Chronology of HIPAA, HITECH & the Omnibus Rule. By Chris Cronin, ISO 27001 Auditor, Partner
HIPAA is a confusing regulation. Since its enactment on August 21, 1996, it has covered topics as diverse as insurance coverage of unemployed people, efficiency of health care administration, data security, and more recently the improvement of healthcare outcomes. HIPAA has had the complicated history of regulatory revisions, clarifications, and guidance documents from various agencies, and it is still largely misunderstood.
In commemoration of HIPAA’s 20-year anniversary, we’ve attempted to provide a novel, yet informative and practical break-down of the regulation including the changes it has undergone throughout the years.
To make the regulation more understandable, HALOCK is presenting a chronology of HIPAA’s regulatory and statutory landmarks to provide readers with a simple breakdown of HIPAA, HITECH, the Omnibus Rule and their related privacy rules. We chose this format to help our readers understand how the regulation has changed over time, and how early ideas informed later evolutions of the regulation. We also provide a glossary of legal terms to ensure that readers share a baseline of legal terms.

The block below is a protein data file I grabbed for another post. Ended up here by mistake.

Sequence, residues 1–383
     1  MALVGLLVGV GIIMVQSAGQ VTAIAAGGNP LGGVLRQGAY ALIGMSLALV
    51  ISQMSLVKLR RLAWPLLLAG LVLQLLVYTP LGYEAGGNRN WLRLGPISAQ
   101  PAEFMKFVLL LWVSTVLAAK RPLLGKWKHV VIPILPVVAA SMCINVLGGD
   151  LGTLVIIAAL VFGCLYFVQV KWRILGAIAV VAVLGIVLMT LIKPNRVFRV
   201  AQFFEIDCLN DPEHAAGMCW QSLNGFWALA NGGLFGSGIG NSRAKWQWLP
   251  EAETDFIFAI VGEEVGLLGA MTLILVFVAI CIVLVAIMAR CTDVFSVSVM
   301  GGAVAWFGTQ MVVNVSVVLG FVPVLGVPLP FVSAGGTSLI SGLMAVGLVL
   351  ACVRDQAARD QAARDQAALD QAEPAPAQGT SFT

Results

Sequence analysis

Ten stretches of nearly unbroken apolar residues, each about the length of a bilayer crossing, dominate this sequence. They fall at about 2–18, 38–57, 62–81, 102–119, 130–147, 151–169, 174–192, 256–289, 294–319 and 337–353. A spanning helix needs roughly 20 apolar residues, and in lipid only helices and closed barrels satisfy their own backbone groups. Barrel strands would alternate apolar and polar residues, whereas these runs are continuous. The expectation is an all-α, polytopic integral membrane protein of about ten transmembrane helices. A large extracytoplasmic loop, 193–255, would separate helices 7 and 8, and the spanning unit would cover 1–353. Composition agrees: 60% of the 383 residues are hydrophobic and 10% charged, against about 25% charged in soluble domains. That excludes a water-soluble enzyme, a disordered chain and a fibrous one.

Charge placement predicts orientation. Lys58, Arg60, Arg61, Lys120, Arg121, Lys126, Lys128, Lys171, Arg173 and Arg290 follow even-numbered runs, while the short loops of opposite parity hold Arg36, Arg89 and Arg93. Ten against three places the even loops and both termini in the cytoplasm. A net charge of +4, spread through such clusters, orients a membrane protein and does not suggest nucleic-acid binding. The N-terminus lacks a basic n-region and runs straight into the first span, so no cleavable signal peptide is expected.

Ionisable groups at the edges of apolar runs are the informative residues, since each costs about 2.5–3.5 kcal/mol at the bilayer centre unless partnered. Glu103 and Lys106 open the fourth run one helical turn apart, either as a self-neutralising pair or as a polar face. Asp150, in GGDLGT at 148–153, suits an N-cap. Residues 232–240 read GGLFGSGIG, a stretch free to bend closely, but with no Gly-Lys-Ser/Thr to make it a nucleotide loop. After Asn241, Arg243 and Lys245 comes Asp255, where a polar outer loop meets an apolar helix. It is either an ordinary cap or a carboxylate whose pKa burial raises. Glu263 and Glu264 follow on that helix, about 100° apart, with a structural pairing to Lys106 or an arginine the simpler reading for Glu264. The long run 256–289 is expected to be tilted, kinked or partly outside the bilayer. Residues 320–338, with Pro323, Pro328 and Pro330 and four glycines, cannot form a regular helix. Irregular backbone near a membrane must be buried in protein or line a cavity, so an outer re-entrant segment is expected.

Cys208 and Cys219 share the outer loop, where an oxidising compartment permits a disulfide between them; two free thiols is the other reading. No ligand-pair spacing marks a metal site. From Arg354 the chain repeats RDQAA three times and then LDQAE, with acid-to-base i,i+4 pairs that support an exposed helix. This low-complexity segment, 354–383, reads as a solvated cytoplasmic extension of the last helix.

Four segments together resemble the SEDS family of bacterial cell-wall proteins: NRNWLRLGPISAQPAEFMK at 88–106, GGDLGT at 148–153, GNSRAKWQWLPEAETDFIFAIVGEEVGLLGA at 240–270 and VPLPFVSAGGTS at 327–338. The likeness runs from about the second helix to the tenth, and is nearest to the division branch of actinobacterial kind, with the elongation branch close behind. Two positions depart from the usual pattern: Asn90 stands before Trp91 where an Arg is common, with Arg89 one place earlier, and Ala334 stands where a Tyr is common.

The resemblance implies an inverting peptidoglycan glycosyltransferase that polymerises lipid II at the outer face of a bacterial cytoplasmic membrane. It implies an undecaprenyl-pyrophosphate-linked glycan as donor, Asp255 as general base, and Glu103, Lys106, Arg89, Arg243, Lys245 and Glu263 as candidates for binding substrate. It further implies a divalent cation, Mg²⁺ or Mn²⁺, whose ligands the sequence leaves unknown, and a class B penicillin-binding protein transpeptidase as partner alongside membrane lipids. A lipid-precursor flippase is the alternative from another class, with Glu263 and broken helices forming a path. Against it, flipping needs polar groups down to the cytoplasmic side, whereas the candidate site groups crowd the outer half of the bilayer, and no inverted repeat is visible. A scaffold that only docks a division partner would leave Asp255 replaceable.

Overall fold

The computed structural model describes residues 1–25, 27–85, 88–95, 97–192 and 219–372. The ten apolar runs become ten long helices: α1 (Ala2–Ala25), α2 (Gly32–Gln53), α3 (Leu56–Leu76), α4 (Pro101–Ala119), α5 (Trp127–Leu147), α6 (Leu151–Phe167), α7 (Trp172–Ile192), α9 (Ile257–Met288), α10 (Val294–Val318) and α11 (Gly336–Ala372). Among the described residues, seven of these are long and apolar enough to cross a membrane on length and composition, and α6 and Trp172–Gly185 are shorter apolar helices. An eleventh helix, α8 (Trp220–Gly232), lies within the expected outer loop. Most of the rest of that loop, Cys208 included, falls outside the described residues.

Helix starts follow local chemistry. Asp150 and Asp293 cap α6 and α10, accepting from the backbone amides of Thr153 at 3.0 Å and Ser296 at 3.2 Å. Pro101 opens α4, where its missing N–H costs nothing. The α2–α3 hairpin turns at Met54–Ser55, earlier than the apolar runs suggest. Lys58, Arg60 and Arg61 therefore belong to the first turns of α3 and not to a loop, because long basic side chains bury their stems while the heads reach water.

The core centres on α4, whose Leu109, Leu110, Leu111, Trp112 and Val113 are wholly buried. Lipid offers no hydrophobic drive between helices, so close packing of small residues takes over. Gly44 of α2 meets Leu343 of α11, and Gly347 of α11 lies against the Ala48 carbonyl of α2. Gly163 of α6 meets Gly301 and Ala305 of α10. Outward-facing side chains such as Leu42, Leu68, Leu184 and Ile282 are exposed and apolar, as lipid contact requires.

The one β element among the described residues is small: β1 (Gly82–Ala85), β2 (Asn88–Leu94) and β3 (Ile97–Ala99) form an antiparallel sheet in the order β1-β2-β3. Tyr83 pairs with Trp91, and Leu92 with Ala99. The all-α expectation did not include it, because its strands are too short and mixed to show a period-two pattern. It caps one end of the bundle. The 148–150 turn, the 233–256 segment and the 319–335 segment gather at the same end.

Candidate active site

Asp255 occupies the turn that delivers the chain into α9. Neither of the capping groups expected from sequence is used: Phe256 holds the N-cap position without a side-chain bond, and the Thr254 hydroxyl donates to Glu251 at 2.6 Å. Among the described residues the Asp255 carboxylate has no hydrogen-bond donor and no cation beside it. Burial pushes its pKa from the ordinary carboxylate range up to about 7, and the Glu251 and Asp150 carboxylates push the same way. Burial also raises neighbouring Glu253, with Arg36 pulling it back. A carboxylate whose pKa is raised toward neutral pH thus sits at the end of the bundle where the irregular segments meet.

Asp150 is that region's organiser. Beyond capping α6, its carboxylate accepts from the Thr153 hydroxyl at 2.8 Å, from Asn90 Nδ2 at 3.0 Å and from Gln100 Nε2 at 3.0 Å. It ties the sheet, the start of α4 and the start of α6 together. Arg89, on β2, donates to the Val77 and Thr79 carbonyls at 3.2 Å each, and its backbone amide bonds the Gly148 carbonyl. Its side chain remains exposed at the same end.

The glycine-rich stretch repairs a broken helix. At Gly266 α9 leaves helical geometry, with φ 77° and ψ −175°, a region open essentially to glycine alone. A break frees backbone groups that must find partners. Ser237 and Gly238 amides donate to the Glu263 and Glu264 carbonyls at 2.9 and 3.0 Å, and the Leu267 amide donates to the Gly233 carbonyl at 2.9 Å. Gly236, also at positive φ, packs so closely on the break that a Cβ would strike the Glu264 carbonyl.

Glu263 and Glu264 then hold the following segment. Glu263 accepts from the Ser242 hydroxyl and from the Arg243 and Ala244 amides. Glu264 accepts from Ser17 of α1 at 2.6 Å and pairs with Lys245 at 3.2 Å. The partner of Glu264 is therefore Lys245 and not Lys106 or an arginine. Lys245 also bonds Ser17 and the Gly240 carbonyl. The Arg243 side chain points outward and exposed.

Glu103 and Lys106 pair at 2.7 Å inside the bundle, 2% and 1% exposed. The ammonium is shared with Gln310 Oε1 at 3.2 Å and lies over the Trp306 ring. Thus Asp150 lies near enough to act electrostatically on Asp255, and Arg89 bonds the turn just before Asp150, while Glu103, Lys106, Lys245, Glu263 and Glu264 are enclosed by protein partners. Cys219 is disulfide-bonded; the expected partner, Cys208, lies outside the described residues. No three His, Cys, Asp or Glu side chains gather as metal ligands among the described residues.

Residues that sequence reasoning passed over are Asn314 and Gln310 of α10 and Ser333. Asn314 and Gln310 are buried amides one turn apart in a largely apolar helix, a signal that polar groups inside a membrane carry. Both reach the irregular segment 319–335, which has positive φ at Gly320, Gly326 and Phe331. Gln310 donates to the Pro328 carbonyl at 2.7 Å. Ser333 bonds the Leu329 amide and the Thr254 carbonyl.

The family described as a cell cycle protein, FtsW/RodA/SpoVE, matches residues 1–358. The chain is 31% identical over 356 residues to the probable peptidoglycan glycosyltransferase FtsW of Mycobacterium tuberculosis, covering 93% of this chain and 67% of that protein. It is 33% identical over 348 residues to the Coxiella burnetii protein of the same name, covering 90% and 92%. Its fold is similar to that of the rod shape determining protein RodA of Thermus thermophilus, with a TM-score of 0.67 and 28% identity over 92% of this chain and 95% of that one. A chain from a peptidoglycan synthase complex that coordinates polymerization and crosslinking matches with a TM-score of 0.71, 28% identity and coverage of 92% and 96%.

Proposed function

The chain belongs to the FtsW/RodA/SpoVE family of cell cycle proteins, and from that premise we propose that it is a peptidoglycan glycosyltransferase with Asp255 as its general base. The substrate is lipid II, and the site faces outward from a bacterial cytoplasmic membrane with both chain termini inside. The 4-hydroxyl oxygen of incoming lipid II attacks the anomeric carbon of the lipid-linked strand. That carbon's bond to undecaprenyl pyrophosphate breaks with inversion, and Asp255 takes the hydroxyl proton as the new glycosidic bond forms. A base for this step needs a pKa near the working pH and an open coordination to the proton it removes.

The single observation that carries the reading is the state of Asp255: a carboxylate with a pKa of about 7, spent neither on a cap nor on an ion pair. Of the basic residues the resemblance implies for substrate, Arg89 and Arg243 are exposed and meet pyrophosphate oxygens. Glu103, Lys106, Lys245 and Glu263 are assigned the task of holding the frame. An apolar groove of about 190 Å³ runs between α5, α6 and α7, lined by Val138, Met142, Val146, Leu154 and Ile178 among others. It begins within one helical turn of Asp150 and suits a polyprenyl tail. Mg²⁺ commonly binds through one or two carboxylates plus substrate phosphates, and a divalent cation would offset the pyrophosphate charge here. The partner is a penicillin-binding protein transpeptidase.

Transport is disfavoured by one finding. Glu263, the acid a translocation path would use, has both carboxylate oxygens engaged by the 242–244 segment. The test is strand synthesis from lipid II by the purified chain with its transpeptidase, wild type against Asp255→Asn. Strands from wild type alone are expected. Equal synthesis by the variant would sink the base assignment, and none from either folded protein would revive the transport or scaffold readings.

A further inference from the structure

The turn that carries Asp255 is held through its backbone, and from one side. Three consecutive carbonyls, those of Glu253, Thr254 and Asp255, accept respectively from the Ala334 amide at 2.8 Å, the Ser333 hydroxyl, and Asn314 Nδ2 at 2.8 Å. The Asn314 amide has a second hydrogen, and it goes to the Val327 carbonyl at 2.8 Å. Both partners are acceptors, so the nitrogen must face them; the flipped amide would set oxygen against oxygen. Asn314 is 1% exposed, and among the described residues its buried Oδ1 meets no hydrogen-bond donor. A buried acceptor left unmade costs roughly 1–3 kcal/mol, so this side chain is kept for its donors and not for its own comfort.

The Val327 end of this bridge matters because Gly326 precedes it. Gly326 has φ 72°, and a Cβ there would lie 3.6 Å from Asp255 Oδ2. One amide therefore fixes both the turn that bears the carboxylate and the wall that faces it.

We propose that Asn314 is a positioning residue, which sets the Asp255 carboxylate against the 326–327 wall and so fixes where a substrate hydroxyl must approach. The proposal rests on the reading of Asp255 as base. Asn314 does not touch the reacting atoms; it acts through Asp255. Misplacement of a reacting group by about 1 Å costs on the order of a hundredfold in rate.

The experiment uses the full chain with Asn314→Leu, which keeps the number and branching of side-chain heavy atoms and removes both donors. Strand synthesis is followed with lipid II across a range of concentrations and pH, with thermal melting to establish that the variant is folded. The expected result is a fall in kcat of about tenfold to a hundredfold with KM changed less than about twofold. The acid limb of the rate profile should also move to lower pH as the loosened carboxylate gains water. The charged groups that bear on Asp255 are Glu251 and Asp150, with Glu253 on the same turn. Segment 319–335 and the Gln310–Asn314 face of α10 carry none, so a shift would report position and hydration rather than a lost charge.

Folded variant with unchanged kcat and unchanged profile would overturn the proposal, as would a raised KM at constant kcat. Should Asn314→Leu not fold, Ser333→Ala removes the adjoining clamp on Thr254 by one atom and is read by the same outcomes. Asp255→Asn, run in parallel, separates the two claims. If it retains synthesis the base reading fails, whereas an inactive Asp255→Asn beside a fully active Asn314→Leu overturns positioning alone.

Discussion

For those who wish to read the entirety of HIPAA and HITECH and its current requirements, skip to the end of this post and follow the links under the final Omnibus Rule (2013).
Code of Federal Regulations (CFR): The document(s) that declare the rules that federal agencies use to oversee and enforce regulations. If a statute one day requires that the Securities and Exchange Commission oversee robot accountants, they would write the rules for robot accountant behavior and penalties against malfunctioning robot accountants in a CFR that is reserved for their agency.
Common Law: Processes for reaching judgments in cases, usually by lawyers and judges at trial who interpret the facts of a case in light of other influential cases that have preceded it.
Executive Order: A directive from the president of the United States. An executive order can require executive agencies to change the way they prioritize, oversee, or execute regulations or statutes that are in their scope of authority.
Regulations: Rules that are written by executive-branch agencies, such as the Internal Revenue Service, Securities and Exchange Commission, Department of Health and Human Services, Food and Drug Administration, Department of Commerce, Federal Trade Commission, etc. Regulations are usually put in place to reduce potential large-scale harm to the public that may be caused by negligent or conflicted parties. Federal agencies may actively audit persons or organizations to determine whether they are following regulations, even if there is no evidence that they are violating a rule. They may also levy fines or other punishments if their rules are not being followed. Regulations are also known as “administrative law.”